February 13, 2024By Erin Carn Bennett

How to Evaluate Clinical Simulation Experiences

The process to evaluate a healthcare simulation course is an arduous task a lot of the time. Often, the evaluation process can be left to the last minute or not as intentionally considered as possible in an ideal world. Evaluations, particularly with a formalized tool, allow healthcare simulation faculty to review the clinical simulation-based education provided and check if the clinical simulation faculty’s interpretation of the performance matches the experience of clinical simulation participants. After checking out the newly migrated Evaluating Healthcare Simulation Tools from Leighton et al now hosted exclusively on HealthySimulation.com, this article by Erin Carn-Bennett, RN, MSN, will encourage clinical simulation faculty members to consider how clinical simulation courses are evaluated and how to emphasize the evaluative process of healthcare simulation-based education. Evaluation of courses provided is a useful way to assist with taking a clinical simulation program to the next level.

Post-Course Survey Evaluation Tool for Participants

The main way to evaluate a clinical simulation course is via a post-course survey. There are many ways in which surveys can be completed for clinical simulation courses. There is a traditional format of provision of a written survey completed with paper and pen. Online surveys can also be useful, with various online survey options available. Some of the more common options include Google Surveys and Survey Monkey. The online survey is often preferred for the participant’s ease and data transfer into other documents for analysis with clinical simulation staff members.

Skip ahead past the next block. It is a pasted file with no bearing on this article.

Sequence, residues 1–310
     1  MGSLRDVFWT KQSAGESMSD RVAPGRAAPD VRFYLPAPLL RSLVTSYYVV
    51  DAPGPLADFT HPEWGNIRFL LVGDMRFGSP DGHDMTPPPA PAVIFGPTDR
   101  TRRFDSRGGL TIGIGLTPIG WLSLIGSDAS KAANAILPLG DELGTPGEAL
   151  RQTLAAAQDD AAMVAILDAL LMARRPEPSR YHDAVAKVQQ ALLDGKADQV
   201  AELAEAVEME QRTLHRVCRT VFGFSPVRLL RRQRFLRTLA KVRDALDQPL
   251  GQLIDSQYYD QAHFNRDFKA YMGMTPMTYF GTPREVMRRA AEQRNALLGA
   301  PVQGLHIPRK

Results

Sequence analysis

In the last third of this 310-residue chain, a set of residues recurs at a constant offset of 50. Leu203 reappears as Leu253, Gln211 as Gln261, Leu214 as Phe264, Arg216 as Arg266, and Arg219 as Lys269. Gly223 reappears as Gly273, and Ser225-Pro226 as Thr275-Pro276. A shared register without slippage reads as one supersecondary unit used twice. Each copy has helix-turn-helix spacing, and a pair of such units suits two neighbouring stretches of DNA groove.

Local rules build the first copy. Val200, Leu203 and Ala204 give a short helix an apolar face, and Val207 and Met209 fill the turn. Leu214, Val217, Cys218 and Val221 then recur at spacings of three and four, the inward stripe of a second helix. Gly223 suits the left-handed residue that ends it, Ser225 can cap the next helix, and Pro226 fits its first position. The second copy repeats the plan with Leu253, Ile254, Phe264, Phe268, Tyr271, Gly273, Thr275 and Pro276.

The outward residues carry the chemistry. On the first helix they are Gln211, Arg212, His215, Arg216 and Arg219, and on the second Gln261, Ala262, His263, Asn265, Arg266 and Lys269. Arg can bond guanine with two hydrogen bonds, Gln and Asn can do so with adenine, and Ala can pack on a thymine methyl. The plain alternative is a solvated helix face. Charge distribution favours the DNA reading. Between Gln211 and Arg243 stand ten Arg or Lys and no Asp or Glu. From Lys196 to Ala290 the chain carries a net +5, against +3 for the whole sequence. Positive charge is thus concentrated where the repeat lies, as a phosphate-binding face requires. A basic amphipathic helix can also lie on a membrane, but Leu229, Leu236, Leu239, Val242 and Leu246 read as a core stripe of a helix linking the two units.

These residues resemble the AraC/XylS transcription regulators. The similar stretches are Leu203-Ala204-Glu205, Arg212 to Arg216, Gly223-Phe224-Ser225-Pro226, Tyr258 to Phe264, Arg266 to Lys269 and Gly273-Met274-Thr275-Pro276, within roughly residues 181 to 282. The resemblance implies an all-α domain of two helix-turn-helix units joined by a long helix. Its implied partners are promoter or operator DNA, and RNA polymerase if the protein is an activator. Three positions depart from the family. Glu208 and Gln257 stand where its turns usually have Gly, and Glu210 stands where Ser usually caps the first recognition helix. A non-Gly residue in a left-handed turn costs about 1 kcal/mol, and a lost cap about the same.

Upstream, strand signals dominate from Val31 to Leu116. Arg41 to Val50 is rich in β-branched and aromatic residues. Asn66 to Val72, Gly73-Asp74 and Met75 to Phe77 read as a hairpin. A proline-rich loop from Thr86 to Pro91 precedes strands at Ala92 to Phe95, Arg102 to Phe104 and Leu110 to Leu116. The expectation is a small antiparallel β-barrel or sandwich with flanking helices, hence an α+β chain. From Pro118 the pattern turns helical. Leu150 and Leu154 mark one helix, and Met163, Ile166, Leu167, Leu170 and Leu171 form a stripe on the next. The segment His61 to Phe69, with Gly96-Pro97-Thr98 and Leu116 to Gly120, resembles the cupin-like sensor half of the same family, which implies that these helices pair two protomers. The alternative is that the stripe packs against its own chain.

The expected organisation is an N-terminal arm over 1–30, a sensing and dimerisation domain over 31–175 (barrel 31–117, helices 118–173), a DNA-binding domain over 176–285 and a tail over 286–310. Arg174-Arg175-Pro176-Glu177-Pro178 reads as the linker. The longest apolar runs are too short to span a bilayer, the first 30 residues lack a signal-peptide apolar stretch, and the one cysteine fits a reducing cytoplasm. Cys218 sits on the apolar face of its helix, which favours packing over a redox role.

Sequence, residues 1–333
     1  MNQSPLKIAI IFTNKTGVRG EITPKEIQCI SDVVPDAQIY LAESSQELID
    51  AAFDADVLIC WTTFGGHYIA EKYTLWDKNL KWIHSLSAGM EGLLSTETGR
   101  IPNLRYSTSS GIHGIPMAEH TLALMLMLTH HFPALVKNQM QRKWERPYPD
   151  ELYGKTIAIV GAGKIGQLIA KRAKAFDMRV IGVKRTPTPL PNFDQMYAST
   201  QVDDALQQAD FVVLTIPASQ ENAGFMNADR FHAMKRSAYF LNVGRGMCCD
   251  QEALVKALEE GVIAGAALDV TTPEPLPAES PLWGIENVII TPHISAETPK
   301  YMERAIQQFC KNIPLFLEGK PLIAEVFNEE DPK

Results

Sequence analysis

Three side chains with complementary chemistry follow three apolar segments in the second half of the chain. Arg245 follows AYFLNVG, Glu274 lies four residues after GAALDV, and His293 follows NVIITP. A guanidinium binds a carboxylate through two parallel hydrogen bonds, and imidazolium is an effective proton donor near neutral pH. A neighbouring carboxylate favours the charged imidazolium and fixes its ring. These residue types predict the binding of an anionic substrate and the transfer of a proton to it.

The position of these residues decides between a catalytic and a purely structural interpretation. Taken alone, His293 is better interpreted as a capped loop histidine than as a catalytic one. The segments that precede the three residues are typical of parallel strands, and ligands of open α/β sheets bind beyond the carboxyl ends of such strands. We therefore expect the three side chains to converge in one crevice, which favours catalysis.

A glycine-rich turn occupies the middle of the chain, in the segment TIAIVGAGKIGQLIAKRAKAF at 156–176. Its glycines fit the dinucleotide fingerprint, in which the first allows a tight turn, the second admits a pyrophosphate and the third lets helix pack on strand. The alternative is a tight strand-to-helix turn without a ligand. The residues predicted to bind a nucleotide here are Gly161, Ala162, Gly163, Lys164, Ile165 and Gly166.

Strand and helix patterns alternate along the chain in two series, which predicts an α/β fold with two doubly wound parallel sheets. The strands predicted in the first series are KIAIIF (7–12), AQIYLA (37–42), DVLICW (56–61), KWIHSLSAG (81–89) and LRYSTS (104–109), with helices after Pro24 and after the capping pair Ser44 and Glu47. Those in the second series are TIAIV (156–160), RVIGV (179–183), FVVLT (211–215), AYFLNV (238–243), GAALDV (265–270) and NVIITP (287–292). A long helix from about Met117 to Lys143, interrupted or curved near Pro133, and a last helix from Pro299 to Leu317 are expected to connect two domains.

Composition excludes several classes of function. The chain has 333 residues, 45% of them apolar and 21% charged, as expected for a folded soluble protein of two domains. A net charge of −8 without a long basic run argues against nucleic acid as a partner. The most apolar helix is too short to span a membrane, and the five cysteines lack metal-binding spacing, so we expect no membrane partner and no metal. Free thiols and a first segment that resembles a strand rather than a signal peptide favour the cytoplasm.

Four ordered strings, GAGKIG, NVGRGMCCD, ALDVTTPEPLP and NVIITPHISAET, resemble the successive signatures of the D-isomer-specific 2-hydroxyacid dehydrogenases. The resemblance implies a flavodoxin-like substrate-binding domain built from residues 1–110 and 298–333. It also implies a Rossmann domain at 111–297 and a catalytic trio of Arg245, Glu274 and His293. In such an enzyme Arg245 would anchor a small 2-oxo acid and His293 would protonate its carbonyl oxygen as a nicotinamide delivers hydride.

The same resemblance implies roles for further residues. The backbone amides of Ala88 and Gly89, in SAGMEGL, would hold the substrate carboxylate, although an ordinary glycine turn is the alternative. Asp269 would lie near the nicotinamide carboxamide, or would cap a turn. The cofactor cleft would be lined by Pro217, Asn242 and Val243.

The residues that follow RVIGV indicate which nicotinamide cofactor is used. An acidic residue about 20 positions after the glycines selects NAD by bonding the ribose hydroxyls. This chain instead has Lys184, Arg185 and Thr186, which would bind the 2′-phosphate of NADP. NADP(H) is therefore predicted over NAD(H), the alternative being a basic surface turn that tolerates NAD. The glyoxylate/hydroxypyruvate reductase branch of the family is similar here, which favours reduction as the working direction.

Sponsored Content:

Encourage clinical simulation participants to be honest and state that their feedback will be anonymous. Let the clinical simulation participants know their feedback will be reviewed to assist in future revisions of clinical simulation courses. If clinical simulation participants are made to feel psychologically safe and that their learning experience within the clinical simulation scenario matters, there is an increased likelihood of honest and useful feedback of the experience.

Slide decks from PowerPoint or didactic presentations should be reviewed after the clinical simulation course has been completed, and prior to the next time the course is taught. The post-course evaluation survey will provide information about slide decks from the clinical simulation participants’ viewpoint. This post-course survey will provide a positive and critical review of the slide decks, presenters, and any clinical simulation. After review of the post-course survey, any alterations to the slide deck and course itinerary should be considered. Time schedules should be considered to determine where the schedule went over time or under time. Another consideration is when feedback identifies the clinical simulation participants who want to spend more time on particular course segments that may not have been allowed for within the course.

A QR code can be placed into a slide deck with a QR code converter. The QR Code can be placed in the debriefing room to remind the simulation participants to complete the evaluation survey. This creates an easily accessible way for clinical simulation participants to complete a post-course survey from the comfort of their cell phones prior to leaving the clinical simulation experience. This will also negate the need to continually remind or chase up participants to complete their post-course evaluation via email. Through this process, the evaluation completion rate by clinical simulation participants will usually increase drastically.